For Linda Allen of Mount Vernon, Thanksgiving means seeing her six grandchildren, baking with her three daughters, and cooking two turkeys — one in the oven, and one smoked outside on the grill.
This year, Allen and her family will be celebrating Thanksgiving in their individual homes.
The family made the decision several weeks ago to cancel an in-person gathering after watching the rapid rise in COVID-19 cases.
Allen said she worries about those without symptoms spreading the virus.
“It’s scary,” she said. “It’s such an invisible thing.”
As is the case for many families, the decision to cancel a tradition was not easy.
“I’m not happy about it, but I agree it’s the right thing to do,” she said.
For Allen, who has lived alone since her husband died five years ago, not seeing family is particularly painful.
She sympathizes with others in the same boat.
“I just have a feeling of — maybe the word is grief, or grieving — for everyone (who) cannot connect or gather with their families,” Allen said.
She said she plans to video-call family members and exchange food with neighbors.
For weeks, public health officials have pleaded with families to avoid indoor gatherings — where the risk of spreading the virus is the greatest. On Sunday, Gov. Jay Inslee announced a ban on gathering indoors with non-household members in an effort to slow the rapid spread of the virus.
Outdoor gatherings are limited to five people outside one’s household.
Tami Whiton of Burlington also decided to forgo a big Thanksgiving gathering after watching case numbers rise.
There were plans to hold a smaller gathering with just immediate family, but even that seemed too risky.
“All my friends, and the family, they’re all being extra extra cautious,” Whiton said. “Now we’re more inside, and it’s the regular flu season, and people are getting sicker.”
For Whiton, a minimum of 17 people usually attend her Thanksgiving dinner, and last year’s meal required two big tables in a great room and a table in the garage.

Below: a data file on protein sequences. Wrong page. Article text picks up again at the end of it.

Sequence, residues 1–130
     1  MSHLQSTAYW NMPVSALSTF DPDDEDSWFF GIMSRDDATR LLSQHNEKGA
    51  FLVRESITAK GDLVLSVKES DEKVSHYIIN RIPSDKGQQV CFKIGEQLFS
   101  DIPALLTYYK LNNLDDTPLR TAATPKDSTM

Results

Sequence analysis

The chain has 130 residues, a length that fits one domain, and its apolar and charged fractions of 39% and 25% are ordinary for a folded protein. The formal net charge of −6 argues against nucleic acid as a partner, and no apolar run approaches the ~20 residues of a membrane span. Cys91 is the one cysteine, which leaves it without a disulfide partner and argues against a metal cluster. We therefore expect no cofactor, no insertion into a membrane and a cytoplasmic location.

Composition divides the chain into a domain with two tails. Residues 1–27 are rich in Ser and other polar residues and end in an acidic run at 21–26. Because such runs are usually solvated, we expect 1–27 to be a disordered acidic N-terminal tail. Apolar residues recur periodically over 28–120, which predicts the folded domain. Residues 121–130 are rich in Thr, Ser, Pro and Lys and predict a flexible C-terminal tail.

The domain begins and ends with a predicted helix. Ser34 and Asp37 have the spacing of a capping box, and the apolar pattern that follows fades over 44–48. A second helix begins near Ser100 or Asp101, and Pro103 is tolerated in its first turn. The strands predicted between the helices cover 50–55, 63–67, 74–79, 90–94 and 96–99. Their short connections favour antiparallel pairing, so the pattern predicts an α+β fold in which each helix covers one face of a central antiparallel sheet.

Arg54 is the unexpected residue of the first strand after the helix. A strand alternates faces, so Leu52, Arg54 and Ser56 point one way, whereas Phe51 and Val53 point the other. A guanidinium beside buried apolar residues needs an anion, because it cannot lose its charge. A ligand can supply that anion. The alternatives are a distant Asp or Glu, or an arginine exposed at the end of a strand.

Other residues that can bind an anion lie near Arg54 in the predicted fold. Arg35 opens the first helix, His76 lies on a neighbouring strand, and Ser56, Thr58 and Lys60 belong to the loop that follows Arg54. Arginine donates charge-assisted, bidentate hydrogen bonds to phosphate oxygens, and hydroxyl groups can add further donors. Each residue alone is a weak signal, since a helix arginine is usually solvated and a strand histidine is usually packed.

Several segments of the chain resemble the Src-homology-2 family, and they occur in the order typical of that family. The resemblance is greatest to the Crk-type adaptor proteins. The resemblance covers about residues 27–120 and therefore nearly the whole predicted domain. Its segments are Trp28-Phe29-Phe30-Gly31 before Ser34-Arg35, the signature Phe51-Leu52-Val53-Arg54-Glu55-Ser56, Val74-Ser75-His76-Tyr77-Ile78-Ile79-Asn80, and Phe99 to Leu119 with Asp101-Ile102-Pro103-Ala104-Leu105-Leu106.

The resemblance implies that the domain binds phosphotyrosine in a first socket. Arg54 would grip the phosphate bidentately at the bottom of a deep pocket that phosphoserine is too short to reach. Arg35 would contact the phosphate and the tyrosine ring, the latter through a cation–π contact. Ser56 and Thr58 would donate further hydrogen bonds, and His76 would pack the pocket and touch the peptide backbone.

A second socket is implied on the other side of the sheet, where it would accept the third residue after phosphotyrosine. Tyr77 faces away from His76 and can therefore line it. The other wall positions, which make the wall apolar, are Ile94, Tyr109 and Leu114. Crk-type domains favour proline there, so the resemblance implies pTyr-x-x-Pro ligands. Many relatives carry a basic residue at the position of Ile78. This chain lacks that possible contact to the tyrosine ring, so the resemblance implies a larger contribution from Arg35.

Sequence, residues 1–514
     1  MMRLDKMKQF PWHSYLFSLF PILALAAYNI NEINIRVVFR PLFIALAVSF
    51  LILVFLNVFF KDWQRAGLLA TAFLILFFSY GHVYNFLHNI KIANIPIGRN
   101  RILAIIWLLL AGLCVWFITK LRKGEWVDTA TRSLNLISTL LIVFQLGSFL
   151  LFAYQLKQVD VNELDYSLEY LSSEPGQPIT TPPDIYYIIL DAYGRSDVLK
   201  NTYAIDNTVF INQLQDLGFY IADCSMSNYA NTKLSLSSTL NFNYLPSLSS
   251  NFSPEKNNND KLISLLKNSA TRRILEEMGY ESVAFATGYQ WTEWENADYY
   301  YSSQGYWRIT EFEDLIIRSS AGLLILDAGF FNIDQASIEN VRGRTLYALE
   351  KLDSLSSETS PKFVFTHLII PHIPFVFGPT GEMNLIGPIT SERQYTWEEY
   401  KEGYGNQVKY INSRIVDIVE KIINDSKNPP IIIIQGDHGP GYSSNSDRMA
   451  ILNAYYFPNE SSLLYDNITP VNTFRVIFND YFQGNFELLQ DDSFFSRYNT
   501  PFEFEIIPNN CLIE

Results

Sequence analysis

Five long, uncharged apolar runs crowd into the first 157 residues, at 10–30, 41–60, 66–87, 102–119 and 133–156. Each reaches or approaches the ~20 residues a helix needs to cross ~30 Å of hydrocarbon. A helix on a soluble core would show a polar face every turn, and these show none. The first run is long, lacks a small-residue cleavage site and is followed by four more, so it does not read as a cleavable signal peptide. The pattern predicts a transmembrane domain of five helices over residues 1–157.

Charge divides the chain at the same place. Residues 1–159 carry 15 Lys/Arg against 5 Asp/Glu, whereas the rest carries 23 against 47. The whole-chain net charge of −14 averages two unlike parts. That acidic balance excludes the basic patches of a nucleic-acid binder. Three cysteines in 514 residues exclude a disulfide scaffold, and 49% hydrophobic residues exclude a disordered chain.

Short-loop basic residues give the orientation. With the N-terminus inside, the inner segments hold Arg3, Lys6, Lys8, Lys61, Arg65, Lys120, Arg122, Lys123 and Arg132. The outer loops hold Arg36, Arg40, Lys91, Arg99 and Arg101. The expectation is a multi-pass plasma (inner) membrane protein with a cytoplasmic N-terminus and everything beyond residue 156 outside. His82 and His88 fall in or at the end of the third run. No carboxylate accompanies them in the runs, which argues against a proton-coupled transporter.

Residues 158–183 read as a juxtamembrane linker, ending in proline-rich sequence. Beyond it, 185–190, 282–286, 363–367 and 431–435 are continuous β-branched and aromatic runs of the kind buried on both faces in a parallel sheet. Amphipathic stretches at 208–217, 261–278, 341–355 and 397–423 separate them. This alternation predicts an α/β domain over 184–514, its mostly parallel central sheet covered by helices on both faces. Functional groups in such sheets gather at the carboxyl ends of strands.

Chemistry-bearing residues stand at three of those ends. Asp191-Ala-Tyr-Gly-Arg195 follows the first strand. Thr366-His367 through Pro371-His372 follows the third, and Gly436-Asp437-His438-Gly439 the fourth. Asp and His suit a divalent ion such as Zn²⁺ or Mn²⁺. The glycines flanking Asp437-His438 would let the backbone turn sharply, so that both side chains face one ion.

“I’m very disappointed,” she said. “It’s the first time ever (we had to cancel). But to us, it’s more important that we’re here next year and all of (our guests) are here next year.”
The virus will likely force cancellation of December gatherings, such as the Whiton family’s traditional Croatian cookie-making party and gift exchange.
While many have canceled Thanksgiving gatherings, some are choosing to proceed with caution with small groups.
Debbie Aldridge of Anacortes usually spends Thanksgiving at her sister’s house in Snohomish with extended family.
This year, she plans to eat dinner with her 80-year-old mother, who lives in Mill Creek, while other family members meet in separate “pods.”
Her sister and her husband will be a second pod, and her son and his girlfriend in Bellingham a third.
Out-of-town family are not visiting, and Aldridge’s daughter, who recently started working in the Bahamas, is not flying home.
Of the family within the state, Aldridge said the goal was to ensure no one was alone on Thanksgiving.
“I feel like my house is the safest place (my mother) can be without being stuck at home,” she said.
She said while she knows there is a risk in seeing her mother, the risk is small. Being retired, she doesn’t go to work, and she has kept her social circle small.
Aldridge said she is not planning on getting tested before Thanksgiving due to the possibility of getting exposed to the virus after the test.
The state Department of Health is urging people to not seek screening tests in order to attend Thanksgiving celebrations, due to the rising demand for COVID-19 testing.
Aldridge said it’s a difficult time for everyone and that many are questioning their decisions.
“We all feel like we’ve lost something no matter which way you’re doing it,” she said. “I think we’re all a little like ‘Is this the right way? Does this make sense?’”